In Italy, the agency's number of students was up by 14 percent to 4,300, followed by Greece and France with an increase of ten and eight percent respectively.

Worldwide, the number of German language students with the Goethe Institute rose by 7.5 percent to about 235,000, according to the figures.

Some 36,000 of those came to Germany to study with the Goethe Institute here. Of those coming from within the European Union, the number of Spaniards was up 43 percent on the year, while Greeks saw a 22 percent increase and Italians 17 percent.

"Most of them are young people who are taking our classes," Goethe Institute head Klaus-Dieter Lehmann said late Tuesday following the figure's official release. "Not because they want to read Goethe or (Friedrich) Schiller in their original tongue, but because they want to improve their job chances."

While German may be among the most in demand languages in the troubled 17-nation eurozone, other global languages were also gaining appeal with jobseekers.

The Confucius Institute for Chinese Studies at Lisbon University, for example, began offering language courses in 2008 with 15 students, now counts more than 300, and is turning people away for lack of teachers. Portugal's British Council branch said its student numbers are rising rapidly, but didn't immediately have specific figures.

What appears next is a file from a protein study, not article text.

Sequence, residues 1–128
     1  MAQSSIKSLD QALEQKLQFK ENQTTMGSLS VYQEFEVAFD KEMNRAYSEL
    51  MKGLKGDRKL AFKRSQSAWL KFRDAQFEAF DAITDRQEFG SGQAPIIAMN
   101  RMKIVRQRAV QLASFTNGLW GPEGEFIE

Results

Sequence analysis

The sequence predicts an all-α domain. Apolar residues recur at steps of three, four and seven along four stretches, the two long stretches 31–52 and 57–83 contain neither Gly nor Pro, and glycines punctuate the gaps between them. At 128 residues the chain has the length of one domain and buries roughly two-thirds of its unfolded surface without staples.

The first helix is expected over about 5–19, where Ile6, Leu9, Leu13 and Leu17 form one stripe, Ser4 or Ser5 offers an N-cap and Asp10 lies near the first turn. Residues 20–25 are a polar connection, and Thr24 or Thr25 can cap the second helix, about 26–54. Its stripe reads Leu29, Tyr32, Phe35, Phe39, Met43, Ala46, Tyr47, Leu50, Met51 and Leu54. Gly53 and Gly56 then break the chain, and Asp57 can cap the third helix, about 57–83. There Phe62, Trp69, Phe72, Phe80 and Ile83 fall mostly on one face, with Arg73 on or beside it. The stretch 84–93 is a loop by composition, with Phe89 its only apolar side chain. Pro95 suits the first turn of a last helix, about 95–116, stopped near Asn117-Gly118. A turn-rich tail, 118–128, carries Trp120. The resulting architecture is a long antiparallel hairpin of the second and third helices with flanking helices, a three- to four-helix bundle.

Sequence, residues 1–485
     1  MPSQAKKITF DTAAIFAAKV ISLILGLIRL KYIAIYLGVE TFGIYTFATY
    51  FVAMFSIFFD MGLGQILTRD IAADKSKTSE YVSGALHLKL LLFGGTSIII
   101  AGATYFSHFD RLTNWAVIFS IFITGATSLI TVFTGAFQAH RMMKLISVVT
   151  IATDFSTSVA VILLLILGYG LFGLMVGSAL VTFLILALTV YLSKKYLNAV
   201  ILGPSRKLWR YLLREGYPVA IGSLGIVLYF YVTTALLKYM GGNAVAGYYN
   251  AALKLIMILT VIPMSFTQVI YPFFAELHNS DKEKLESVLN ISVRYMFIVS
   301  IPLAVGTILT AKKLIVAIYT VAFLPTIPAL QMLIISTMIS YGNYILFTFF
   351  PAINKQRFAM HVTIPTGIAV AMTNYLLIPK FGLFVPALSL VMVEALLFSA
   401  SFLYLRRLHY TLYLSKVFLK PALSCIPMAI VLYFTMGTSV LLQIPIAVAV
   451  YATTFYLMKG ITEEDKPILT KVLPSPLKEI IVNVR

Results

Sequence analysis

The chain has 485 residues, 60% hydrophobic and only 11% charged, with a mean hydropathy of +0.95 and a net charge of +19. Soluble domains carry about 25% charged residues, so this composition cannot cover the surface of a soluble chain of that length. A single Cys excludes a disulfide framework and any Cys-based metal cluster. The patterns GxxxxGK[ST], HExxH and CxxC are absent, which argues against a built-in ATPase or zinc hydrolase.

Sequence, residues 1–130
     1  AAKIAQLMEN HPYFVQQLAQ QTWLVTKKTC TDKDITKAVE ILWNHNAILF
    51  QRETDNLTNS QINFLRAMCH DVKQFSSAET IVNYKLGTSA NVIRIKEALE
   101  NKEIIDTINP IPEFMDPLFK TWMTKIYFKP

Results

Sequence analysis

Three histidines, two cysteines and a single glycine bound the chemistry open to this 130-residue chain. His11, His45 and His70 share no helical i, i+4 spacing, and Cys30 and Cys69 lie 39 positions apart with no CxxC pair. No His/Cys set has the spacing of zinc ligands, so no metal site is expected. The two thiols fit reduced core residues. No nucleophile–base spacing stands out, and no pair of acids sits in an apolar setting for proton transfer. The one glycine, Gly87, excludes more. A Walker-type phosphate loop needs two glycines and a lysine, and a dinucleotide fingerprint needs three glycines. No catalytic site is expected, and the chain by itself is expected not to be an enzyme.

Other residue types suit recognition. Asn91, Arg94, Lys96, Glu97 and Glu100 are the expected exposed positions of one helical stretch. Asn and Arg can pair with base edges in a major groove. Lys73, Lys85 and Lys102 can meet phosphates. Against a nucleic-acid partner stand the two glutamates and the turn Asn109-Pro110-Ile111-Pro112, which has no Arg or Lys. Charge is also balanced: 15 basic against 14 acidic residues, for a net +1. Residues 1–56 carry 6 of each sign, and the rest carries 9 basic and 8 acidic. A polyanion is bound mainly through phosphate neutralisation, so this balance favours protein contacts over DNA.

Demand for Chinese classes at Spanish government-run languages schools was up by 50 percent in 2010 to 1,961, while applications for English classes were up by 15 percent to 8,800. German saw a 77 percent increase to 3,508

While European Union citizens are allowed to roam and work freely across the 27-nation bloc, cultural differences and the language barrier have often limited cross-border migration.

The greatest influx to Germany still comes from the EU's newest members in eastern Europe, such as Romania and Poland, but the numbers from western European countries hit by the crisis are up sharply.

In the first nine months of 2011, the net movement from Spain to Germany -- arrivals minus departures -- totaled 7,532 people, more than twice 2010's total of 3,214, according to data from Germany's Federal Statistical Office.

"That's a rather new phenomenon: If Spaniards emigrated at all, they used to go to France, not to Germany," economist Bruecker said.

"It also reflects an increased mobility of the younger generation. Migration is not only driven by high youth unemployment there, we also witness a strong increase in student migration," he added, saying that many Spaniards were now filling his classes at Bamberg University.

Net immigration from Portugal during the first nine months of 2011 rose to 2,270, from only 9 in the full year of 2010. Net arrivals from Greece rose to 7,931 from to 1,076 in 2010 -- a sevenfold increase, according to the data.

"It's probably because they are really struggling at home," said Schwaebisch-Hall spokesman Gruner.


Barry Hatton in Lisbon and Daniel Woolls in Madrid contributed reporting.


Juergen Baetz can be reached on Twitter at

  • E-mail
  • E-mail this article

    Invalid E-mail address
    Invalid E-mail address

    Sending your article

    Your article has been sent.